Phlebodium Aureum, commonly known as “blue star fern”, is a unique looking fern with elongated fronds and a pleasant green-blue color. Its ability to tolerate lower-light conditions and relatively easy care make it a great choice for beginners and more experienced fern lovers alike. Its striking leaves and dusky green color make it an interesting addition to the room.
Normal room temperature is fine for blue star fern, but this rain-forest plant does prefer higher humidity.
Keep it in a more humid room, such as the kitchen or bathroom, or mist plant regularly. Clustering houseplants together will also contribute higher humidity.
Indirect light is ideal, this fern tolerates low light. Place in indirect light toward the center of the room, where it will not receive direct sunlight.
Epiphyte soil. A potting mix sold for orchids is a good choice. Repot only when the plant outgrows its pot; at that time move it to a pot a few centimeters larger. The potting mix for blue star fern should be loose and quick draining.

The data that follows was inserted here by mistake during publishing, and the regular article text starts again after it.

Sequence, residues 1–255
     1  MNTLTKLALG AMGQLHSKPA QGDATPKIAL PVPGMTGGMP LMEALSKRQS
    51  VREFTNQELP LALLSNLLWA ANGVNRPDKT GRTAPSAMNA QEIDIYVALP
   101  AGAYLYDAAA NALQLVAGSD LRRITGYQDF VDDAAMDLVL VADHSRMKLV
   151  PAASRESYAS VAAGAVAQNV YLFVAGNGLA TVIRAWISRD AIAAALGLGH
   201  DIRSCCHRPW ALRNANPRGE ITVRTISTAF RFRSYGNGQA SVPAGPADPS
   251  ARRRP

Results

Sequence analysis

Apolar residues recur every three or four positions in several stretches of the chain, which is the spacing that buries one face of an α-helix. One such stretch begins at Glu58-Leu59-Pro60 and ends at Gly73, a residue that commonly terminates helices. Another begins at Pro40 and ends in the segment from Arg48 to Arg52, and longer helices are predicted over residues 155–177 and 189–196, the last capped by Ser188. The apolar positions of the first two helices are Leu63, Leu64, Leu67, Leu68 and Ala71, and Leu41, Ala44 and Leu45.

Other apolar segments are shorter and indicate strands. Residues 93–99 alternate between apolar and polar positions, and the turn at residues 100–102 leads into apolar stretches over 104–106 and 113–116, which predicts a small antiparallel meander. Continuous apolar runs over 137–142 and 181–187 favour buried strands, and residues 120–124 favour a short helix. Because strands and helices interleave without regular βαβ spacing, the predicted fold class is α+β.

Water around the edge of the center rosette to avoid the water becoming stagnant in the center, which may cause rot. Water once or twice a week.
Once or twice a month using an organic fertilizer.
Browning of leaves – dry air will lead to browning leaf tips and weakened growth. Mist weekly
Yellowing leaves are not uncommon on indoor ferns, and can indicate a number of issues. The symptoms accompanying the yellowing will help you narrow down the problem.
An overall yellowing of foliage along with stunted growth can indicate a lack of something vital — usually nutrients, room to grow, or sufficient light.
When only bottom leaves turn yellow, it often means that age, a too-small pot or a nutrient deficiency has occurred.
If fern foliage turns yellow but also has a speckled look, spider mites are the most likely culprits. Webs in the yellowing leaves also point to spider mites.